In the following centuries, Cyprus was under the control of the Assyrian Empire. When that empire broke up, it went to Egypt. Then Egypt fell to the Persian Empire, and Cyprus went with it. Though they had a rebellious population of Ionians, Cyprus remained Persian for a while. After a brief period of liberation by Alexander the Great, Egypt took over once again. The Roman Empire annexed the island, then lost it to Egypt again, and then took it back. And that’s all before the year 1AD.
When Christianity began to spread across Europe, it became the primary religion in Cyprus quickly. At the fall of the Roman Empire, Cyprus went to the Byzantine Empire. They ruled over it in collaboration with the Caliphate (an Islamic state), and then took control completely. During a time under the newly formed Lusignan Dynasty, Cyprus enjoyed fame and wealth across Europe. This era ended when it was seized by the Genoese, and it was soon owned by Venice.
Cyprus’ relatively recent history
The Ottoman Empire launched a siege on the island in 1570, and within a few years had claimed Cyprus as their own. It became remarkably Turkish, and gained a massive Muslim population. The Turkish shared power with the British Empire, until the British officially made Cyprus a crown colony in 1925. While under British rule, the colony grew divided between Greek Cypriots and Turkish Cypriots. These tensions led to a compromise in 1960 making Cyprus its own independent republic. But Turkey was unsatisfied, and over the next decade sent over foreign troops to declare the northern sector of the island a Turkish state. To this day, no bodies other than Turkey itself officially recognize the Turkish Republic of Northern Cyprus. Though the territory is technically disputed, and is moderated by a UN buffer zone, it is realistically a peaceful stalemate today.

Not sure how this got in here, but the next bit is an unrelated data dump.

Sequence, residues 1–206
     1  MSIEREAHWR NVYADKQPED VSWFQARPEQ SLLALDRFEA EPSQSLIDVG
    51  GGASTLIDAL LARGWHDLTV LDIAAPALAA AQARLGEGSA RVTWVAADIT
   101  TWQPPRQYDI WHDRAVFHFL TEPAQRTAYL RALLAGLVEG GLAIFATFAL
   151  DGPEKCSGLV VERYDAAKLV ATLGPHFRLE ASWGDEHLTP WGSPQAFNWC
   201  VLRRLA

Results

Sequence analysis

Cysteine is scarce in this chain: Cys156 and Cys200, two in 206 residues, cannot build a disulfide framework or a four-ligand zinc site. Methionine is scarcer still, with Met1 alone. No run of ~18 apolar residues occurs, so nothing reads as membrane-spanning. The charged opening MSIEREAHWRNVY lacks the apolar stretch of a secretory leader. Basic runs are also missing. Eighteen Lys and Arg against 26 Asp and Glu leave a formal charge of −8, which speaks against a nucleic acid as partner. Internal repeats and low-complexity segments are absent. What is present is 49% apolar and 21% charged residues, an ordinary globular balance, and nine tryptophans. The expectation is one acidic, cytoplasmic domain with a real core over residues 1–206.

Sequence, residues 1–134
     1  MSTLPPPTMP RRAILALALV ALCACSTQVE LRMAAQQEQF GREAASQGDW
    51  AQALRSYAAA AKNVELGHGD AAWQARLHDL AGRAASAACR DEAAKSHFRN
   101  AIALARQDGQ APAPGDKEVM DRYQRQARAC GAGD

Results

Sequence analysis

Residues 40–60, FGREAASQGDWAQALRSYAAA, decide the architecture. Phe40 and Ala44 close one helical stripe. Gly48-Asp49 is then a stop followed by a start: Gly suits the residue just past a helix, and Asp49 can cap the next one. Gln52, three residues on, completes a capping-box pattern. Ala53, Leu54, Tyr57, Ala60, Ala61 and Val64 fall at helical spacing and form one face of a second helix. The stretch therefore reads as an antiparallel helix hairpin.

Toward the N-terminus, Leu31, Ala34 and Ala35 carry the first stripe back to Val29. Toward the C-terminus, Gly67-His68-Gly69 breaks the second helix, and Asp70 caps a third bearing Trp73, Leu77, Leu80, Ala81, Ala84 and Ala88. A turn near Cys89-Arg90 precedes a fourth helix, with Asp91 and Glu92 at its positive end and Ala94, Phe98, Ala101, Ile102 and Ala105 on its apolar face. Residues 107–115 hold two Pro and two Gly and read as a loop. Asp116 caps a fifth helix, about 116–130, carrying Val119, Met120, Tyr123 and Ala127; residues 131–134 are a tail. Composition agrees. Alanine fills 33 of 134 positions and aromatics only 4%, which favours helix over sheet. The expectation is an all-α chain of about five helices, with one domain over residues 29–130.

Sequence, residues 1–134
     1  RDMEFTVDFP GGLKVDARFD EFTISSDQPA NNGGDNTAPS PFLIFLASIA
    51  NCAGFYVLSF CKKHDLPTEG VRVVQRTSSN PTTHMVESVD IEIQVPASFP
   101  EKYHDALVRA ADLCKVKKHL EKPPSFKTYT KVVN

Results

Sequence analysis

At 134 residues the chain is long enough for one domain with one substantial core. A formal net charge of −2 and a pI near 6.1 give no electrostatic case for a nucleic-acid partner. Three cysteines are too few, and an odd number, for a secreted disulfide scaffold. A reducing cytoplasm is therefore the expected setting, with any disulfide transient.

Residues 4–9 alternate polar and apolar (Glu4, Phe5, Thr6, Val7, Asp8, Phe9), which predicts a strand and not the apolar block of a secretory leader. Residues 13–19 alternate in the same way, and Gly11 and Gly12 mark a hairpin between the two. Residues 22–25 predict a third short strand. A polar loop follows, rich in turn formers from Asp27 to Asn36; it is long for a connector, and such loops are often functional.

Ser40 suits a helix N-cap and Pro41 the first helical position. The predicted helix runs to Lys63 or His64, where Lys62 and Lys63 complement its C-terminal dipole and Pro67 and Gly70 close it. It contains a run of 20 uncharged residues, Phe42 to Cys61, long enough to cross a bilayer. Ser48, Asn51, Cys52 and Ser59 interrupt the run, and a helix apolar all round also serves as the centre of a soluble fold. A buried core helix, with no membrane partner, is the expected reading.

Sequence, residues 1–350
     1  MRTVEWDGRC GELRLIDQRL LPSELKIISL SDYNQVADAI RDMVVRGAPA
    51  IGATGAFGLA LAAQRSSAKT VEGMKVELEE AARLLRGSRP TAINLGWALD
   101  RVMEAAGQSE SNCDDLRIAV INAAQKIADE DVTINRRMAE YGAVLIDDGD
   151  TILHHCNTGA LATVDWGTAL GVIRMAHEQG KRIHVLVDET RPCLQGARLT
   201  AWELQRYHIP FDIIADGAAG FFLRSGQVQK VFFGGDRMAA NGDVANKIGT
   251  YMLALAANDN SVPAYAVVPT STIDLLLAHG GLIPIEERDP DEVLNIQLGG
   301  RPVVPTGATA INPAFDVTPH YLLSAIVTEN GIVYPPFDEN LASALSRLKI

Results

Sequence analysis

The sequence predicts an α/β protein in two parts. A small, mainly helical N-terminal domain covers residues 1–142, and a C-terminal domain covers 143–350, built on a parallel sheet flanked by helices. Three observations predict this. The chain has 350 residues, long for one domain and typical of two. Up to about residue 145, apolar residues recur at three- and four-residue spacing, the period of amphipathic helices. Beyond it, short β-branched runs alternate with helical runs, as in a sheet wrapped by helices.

Did you keep up with all that? I definitely didn’t – and that was the short version. So why does that much history matter? First of all, it’s important to understand at least the basic history behind any place you visit. History informs the sights you see, the people you meet, and the culture you experience. And this is especially true in Cyprus. If you go to Cyprus, you will actually see all of the history mentioned above. The people speak English from their English rule, the ruins date back to various powers and rules, and in museums you’ll find remnants of pre-history.
Mythology of Cyprus
All set learning about the history of Cyprus? I get it. Now, let’s talk about some of the mythology surrounding this island!
Did you know that Cyprus’s most common nickname is ‘the Island of Love’? Ever wondered why? If you’re familiar with the myth of the Greek goddess Aphrodite, this might ring a bell. Aphrodite is the goddess of beauty and love, one of the 12 most important Greek gods. The story of Aphrodite’s birth recounts that she emerged naked from the foam of the ocean. Well according to the tale, she did so right off the coast of Paphos, Cyprus! The spot is marked by Aphrodite’s Rock, which is said to have magical properties promising eternal beauty to anyone who swims around it.